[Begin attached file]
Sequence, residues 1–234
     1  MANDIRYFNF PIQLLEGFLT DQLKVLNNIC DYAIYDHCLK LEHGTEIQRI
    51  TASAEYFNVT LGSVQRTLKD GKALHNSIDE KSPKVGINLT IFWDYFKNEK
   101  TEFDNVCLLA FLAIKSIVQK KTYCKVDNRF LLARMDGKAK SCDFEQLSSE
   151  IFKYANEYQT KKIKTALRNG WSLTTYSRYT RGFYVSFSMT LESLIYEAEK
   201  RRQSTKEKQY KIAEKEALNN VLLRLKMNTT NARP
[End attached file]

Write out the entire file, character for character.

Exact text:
Sequence, residues 1–234
     1  MANDIRYFNF PIQLLEGFLT DQLKVLNNIC DYAIYDHCLK LEHGTEIQRI
    51  TASAEYFNVT LGSVQRTLKD GKALHNSIDE KSPKVGINLT IFWDYFKNEK
   101  TEFDNVCLLA FLAIKSIVQK KTYCKVDNRF LLARMDGKAK SCDFEQLSSE
   151  IFKYANEYQT KKIKTALRNG WSLTTYSRYT RGFYVSFSMT LESLIYEAEK
   201  RRQSTKEKQY KIAEKEALNN VLLRLKMNTT NARP